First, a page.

The logic of this article, which has been circulating round the pro-GM lists, totally defeats me. On the face of it, it provides one of the wildest cases of overgeneralisation I've ever come across. See what you think.
We are told that research published in the journal Nature Genetics has provided the first evidence of a gene having naturally moved from one fungal disease to another. This, the research leader Professor Richard Oliver tells us, is "the first time that a fungal gene has been shown to move between different fungal species."
So far so good, but on the basis of this initial evidence of this single gene transfer between these two highly specific fungal species, we are told that biology is set to be fundamentally rewritten.
Professor Oliver provides no explanation as to why we should rewrite our understanding of the whole of biological creation on the basis of this one incident. He simply makes a series of assertions:
*genes are probably transferring all the time;
*all the gene combinations that we can think of have probably already been tried in nature;
*biologists need to review their "most cherished notion" that species are distinct entities.
These speculations are then used to assert that this provides "a powerful new argument in favour of genetically modified food"!
We are also told, "There've been... many billions of years to put all these combinations together, and any one that would actually survive and cause an impact in the environment, you could argue has already been tried in the environment and shown (to be) wanting."
So, on the basis of initial evidence of a single gene having moved in nature between one specific fungal disease and another, we can apparently conclude that all genes are safely transferable by humans between all species!!!!!!!
Yet the claim that all possible gene transfers have probably already been tried out and we shouldn't worry about it, is directly contradicted by the researchers' own findings. They tell us that the single gene transfer they have identified took place relatively recently - "in the early 1940s" - and it "created a new, damaging wheat disease" that has caused problems world wide!
Some might think the logical deduction from this research is that gene transfers should be approached with considerable caution, but for Professsor Oliver apparently it means anything goes.
Gene swap find adds support for GM food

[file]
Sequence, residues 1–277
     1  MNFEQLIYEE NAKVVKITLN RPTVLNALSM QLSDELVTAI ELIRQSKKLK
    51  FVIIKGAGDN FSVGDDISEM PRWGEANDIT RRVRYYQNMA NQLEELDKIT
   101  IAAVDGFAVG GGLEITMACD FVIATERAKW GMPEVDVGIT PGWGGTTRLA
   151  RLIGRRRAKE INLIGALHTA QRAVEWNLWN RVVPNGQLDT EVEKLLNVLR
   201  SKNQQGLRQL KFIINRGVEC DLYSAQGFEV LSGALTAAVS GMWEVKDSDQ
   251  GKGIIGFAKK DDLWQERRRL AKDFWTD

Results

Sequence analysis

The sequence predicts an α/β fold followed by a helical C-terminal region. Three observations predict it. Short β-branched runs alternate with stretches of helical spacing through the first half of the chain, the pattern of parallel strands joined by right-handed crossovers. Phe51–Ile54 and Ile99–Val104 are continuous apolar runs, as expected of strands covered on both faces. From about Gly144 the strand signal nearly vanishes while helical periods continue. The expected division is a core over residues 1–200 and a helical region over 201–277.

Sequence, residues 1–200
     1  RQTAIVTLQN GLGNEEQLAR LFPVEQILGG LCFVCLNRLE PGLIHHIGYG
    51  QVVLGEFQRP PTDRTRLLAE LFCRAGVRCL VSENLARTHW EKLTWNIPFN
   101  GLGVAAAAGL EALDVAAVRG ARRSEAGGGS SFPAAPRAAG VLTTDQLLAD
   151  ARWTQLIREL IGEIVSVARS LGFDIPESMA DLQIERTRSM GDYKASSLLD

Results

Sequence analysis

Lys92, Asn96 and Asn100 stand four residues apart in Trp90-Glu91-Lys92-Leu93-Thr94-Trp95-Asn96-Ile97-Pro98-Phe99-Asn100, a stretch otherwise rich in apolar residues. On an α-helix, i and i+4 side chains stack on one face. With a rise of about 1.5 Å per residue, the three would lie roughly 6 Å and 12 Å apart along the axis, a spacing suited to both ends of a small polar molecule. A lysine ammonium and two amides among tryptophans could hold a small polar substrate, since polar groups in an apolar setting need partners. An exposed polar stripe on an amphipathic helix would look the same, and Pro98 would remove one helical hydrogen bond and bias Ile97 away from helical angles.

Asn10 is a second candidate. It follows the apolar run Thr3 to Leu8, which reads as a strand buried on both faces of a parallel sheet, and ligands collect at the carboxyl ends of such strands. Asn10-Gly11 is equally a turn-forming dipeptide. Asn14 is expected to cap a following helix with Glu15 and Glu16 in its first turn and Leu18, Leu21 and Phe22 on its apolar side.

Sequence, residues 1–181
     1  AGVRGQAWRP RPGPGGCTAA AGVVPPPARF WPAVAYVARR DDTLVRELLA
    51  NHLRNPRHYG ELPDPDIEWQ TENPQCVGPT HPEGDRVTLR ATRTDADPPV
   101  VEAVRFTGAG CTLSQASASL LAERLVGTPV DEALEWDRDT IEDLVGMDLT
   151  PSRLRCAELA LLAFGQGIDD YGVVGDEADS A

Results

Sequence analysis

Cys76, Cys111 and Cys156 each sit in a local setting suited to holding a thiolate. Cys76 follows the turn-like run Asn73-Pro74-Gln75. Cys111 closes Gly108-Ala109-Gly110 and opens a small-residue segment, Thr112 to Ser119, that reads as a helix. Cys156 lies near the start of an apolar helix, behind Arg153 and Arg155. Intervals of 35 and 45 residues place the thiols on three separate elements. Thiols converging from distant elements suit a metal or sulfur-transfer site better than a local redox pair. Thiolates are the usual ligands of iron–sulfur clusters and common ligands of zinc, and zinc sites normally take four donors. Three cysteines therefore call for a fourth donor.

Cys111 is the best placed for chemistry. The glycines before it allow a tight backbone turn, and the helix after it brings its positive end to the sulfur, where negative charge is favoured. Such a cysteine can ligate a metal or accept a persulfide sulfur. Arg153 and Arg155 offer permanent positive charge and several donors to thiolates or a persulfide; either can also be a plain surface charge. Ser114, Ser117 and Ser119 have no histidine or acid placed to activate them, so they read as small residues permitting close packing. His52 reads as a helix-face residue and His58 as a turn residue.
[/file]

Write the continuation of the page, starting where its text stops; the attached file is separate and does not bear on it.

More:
AAP, July 10, 2006
The gene swapping antics of two wheat diseases are set to cause upheaval for biologists and deliver a powerful new argument in favour of genetically modified food, researchers say.
The Australian-led research has provided the first evidence of gene transfers between fungal diseases, finding a gene carrying a critical virulence factor moved from one disease to another.
Published in the journal Nature Genetics, the study suggests the gene transfer happened in the early 1940s and created a new, damaging wheat disease.
"In a broader context, it probably means that genes are transferring all the time, that they're very rarely fixed in the new host," said research leader Professor Richard Oliver, who heads Murdoch University's Australian Centre for Necrotrophic Fungal Pathogens.
"In this particular case, getting the new gene gave (the fungus) a whole important new property and led to the formation of a new disease.
"It's the first time that a fungal gene has been shown to move between different fungal species."
Prof Oliver said the research meant biologists would need to review their "most cherished notion" that species were distinct entities.
"This sort of work shows that's not really the case," he said.
"A species becomes more of a mosaic - some individuals have got some genes and other individuals have got other genes and they can swap genes between other organisms."
The implications for GM food would be difficult to ignore, Prof Oliver said, suggesting nature had always tinkered with gene modification.
"It's really saying that all the gene combinations that we can think of have almost certainly been tried in nature," he said.
"There've been, however, many billions of years to put all these combinations together, and any one that would actually survive and cause an impact in the environment, you could argue has already been tried in the environment and shown (to be) wanting.
"Nature has already been there, done that, and we shouldn't be overly worried about it."
The research discovered the same gene was associated with two different fungal wheat diseases - Yellow Spot and Septoria nodorum blotch.
Yellow spot, also known as tan spot, can cut yield by up to 10 per cent in Australia's main wheat growing areas, while nodorum blotch costs the grain industry more than $60 million a year in lost production.
Professor Oliver made the discovery while scrolling through 17,000 genes thought to be produced by the nodorum fungus, Stagnospora.
His research was part of the Grains Research and Development Corporation project to map the genetic structure of S.nodorum - the southern hemisphere's largest genome study.
He noticed the similarity of a particular gene and the ToxA gene, which causes Yellow Spot.
ToxA is host-specific and only affects wheat and wheat cultivars carrying a susceptibility gene known as Tsn1.
Strains of the Yellow Spot fungus Pyrenophora trici-repentis (PTR), which did not have ToxA, caused only a weak disease.
PTR was considered a mild pathogen until 1941, when it became what is now known as Yellow Spot.
Swiss researchers working with Prof Oliver then provided evidence that a gene transfer from nodorum blotch to PTR enabled it to colonise wheat cultivars containing the Tsn1 gene.
The team concluded that the stronger version of Yellow Spot caused by the gene transfer was spread to wheat fields worldwide through shipments of infected grain.
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